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Walking in the Monsoon


MUMBAI—I walked today. I left and turned right, made my way south and west, following my instincts and occasionally my compass. Two blocks from our apartment the hard rain began. It rained and it rained and there was nothing to do but be wet and try to not think about what might be in the standing water and overflowing gutters I stepped through. I walked and kept walking and there was a division between those who were dry, those trying to remain dry and the others, like me, who had long ago given up. I knew that if I kept going south I would find myself in old Bombay. If I kept going west I would hit the Arabian Sea. Mumbai is on a long, curving peninsula with a point here and a hook there. But it is neither particularly long nor very wide. At one time it had been many islands, long ago filled in, connected and reclaimed from the water. The water seemed intent on taking back what it had lost. I walked steadily past train stations, over bridges, down tree lined avenues.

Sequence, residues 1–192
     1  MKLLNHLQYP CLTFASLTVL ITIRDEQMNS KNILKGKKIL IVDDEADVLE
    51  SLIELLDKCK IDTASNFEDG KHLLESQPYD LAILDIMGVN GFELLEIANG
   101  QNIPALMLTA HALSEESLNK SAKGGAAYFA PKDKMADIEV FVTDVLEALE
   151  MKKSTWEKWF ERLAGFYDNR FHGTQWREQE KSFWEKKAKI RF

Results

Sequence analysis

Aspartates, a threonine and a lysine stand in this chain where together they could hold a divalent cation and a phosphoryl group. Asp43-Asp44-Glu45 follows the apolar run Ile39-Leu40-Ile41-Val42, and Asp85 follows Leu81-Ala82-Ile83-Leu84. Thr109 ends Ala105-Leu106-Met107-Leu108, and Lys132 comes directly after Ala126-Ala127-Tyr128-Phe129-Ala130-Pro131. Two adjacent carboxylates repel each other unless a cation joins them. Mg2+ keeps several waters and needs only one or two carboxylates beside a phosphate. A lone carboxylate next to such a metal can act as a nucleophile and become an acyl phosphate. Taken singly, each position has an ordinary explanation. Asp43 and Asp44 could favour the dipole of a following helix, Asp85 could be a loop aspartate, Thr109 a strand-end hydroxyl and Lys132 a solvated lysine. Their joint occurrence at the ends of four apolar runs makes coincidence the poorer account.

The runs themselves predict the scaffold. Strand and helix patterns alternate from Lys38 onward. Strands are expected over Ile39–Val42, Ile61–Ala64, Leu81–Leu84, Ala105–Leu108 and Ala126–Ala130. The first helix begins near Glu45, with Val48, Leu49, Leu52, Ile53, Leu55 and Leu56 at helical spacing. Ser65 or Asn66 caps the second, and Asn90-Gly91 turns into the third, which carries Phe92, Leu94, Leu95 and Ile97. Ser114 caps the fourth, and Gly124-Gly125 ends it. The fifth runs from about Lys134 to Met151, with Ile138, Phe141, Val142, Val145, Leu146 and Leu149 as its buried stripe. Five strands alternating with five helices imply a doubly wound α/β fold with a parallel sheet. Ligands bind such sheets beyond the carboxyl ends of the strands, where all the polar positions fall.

IMG_2655I finally was almost at the sea. I could tell it was just over there because behind the buildings facing me was nothing but blank, grey sky. There was no farther line of buildings and it almost felt like that grey and featureless sky that must be the end of everything. But I couldn’t get to that emptiness. The buildings formed an impenetrable wall, saving ocean views for those who had paid for them. I kept walking. I passed a temple carved entirely out of marble. Smoke from its fires escaped in perfumed streamers, joining the rain and clouds. I noticed the gnarled roots of the dripping trees often contained small shrines to Ganesh. A man sat in his living room with the shutters open to the day. He was reading the paper and smoking a pipe. He waved to me from his dry place. I waved back from the rain and kept walking.

Finally the wall ended, opened up to the long curving sweep of Marine Drive and Chowpatty Beach. The Arabian sea was the color of tarnished lead and out where it met the sky there was no line separating the two. I kept walking.


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